We’ve made it to the final post in the Organizing Basics Series. I’ll say it again at the end of the post…if you liked this series and find what you read here on Get Simplifized! helpful, please leave a comment below. Honestly, I’d LOVE to hear from YOU! Well, we’ve gone through the four steps of the organizing process: NEEDS, ASSESS, PURGE AND ORGANIZE and as promised, I’m going to wrap up the series by organizing one room using these four steps….the kitchen. In practically every home I’ve been in, the kitchen is hands-down the “hub” of the house and the center of activity where everyone naturally gravitates to. So based on that, and your input, I thought it would be a great choice.
Now keep in mind, every kitchen and every organizational dilemma is different. There is no “one size fits all” when it comes to organizing but like I’ve said in previous posts, there are some universal organizing concepts and ideas that you can apply to practically any situation. So, as I go through the steps I’ll reiterate those concepts again to you. Now with that in mind, let’s get started and go through each of the steps in the NAPO organizing cycle.
The first step in organizing your kitchen is to determine your needs for the space. Everyone’s needs are different but it’s probably safe to say that most folks need a kitchen where they can easily and efficiently prepare, make and clean up meals without wasting time, energy, and money. Here are a few of the most common reasons folks want and need to get organized:
“I need to stop wasting money. I often end up buying duplicate food items that I already had but didn’t know it because it was lost somewhere on a shelf.”
“I need to stop wasting time looking for food and utensils so that I can quickly make a meal and spend more time with my family or doing other important things.”
“I really need help with cleaning up the kitchen but my kids are having a hard time figuring out what goes where.”
“I want to have more family meals at the dinner table but because the kitchen and table are such a mess we often end up ordering out and just eating in front of the television.”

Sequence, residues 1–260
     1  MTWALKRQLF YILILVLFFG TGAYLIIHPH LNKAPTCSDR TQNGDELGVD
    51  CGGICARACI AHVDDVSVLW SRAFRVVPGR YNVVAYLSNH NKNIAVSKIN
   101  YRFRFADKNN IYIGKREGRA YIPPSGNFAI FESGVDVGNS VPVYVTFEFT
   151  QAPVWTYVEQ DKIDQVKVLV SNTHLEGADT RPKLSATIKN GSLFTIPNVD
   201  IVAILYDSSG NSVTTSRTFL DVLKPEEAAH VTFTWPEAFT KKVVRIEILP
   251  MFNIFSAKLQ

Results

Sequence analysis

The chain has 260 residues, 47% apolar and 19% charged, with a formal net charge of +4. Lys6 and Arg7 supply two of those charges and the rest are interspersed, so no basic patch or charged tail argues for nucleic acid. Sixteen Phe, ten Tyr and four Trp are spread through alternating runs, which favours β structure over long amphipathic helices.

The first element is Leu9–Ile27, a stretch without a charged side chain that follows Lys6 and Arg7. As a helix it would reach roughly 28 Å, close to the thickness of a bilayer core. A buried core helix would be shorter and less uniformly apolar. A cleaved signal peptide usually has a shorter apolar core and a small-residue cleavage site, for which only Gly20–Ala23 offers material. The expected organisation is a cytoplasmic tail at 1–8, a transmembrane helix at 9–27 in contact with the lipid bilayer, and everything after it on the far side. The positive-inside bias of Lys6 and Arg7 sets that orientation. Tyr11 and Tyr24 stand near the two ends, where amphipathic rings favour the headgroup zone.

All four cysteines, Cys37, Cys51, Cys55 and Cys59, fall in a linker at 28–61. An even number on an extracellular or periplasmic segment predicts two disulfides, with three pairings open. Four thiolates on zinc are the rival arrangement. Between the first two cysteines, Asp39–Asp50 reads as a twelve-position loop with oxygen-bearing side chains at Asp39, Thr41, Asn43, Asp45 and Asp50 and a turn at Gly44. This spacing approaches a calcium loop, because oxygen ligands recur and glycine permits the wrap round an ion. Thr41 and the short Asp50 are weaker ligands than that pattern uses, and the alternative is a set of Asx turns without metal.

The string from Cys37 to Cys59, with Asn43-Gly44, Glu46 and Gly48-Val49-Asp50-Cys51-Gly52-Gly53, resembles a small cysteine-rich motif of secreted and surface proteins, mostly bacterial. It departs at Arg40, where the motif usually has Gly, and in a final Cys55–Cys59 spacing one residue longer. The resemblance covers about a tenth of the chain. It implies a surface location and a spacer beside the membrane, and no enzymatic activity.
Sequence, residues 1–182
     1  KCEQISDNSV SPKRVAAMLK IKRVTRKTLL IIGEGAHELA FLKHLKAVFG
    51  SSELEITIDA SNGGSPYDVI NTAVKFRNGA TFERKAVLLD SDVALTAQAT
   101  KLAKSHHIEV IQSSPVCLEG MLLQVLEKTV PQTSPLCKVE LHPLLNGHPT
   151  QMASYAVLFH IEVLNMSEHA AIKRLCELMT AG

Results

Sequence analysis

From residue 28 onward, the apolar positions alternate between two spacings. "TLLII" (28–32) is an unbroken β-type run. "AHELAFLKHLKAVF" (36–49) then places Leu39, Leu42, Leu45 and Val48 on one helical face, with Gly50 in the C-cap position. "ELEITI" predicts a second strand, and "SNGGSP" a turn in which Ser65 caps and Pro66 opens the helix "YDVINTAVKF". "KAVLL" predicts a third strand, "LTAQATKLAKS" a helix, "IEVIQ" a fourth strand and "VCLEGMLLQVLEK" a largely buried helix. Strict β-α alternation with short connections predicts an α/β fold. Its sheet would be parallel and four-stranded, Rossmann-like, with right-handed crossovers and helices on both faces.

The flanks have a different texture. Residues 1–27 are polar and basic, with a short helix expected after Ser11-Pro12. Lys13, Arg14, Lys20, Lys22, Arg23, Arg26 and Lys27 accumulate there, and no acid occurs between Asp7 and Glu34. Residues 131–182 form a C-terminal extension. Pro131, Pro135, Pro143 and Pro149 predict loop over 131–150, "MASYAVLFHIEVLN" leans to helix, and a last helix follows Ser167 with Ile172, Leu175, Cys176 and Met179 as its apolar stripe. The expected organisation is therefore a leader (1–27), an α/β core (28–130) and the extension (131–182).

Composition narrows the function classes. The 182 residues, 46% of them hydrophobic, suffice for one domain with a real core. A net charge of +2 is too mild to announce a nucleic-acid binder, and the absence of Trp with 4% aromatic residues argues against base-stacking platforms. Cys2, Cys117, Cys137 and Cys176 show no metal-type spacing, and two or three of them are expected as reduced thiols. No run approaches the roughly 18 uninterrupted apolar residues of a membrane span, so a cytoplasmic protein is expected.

“I want a kitchen where I can entertain family and friends instead of avoiding it because I’m embarrassed about my kitchen being a mess or how much of a chore it will be because it’s so disorganized.”
For me personally, I value making healthy, homemade meals for my family but I don’t like wasting a lot of time doing it. I would get so frustrated when after a long day at work I couldn’t find what I needed, or discovered I had ran out of a particular food item and would then waste time running to the grocery store to get it. Before I knew it, prepping and making dinner ended up taking two or three hours when it should have taken only one. So for me, I needed to organize my kitchen (and myself) so that dinner time wasn’t a waste of time or a major chore!
Once you’ve determined your needs in the kitchen, you can better assess the space. If you’ll recall from the post I wrote on assessing your space, there are several questions you need to ask yourself (I’ll use my kitchen as an example of how I tackled each one of these questions):
What’s working in the kitchen? The layout of my kitchen was great with plenty of space for a table and chairs. I also liked that I had a decent amount of space in the cabinets and drawers plus a huge pantry with shelves. Additionally, I liked the location of my coffee maker because it was close to the sink and had an overhead cabinet for storing mugs and supplies.
What’s not working in the kitchen? There was a limited amount of counter space making it difficult to keep my heavy, yet essential, everyday-use appliances out (stand mixer, food processor and toaster oven). The bottom cabinets had storage but they were deep, making it difficult to get things in and out of. The pantry shelves were made of wire racks which drove me crazy because items would slip through or tip over on them. The corner counter where you entered the kitchen became the “catch all” counter and was always cluttered with phones, wallets, keys and mail. Also, the kitchen bar that separated the kitchen from the dining room/living room was too high and too close to the dining table making it useless as an eating bar.
What are my habits of working and using the kitchen? Although I didn’t like the catch-all space it was a natural spot to drop our things as we came into the house. We also realized we preferred working on our laptops in the family room rather than the the small office desk space in the corner of the kitchen. Another habit was that the kids wanted a glass of milk first thing in the morning and my husband and I wanted our coffee so making sure those “zones” were organized was important. And finally, whenever we entertained, everyone wanted to hover in the kitchen because of the openness (and closeness to the food).
What are the essential items I need and want in the kitchen? Other than the obvious basic appliances and utensils, I determine my essentials to be the coffee maker, stand mixer, food processor, toaster oven, trash can, recycle bin and kitchen table and chairs.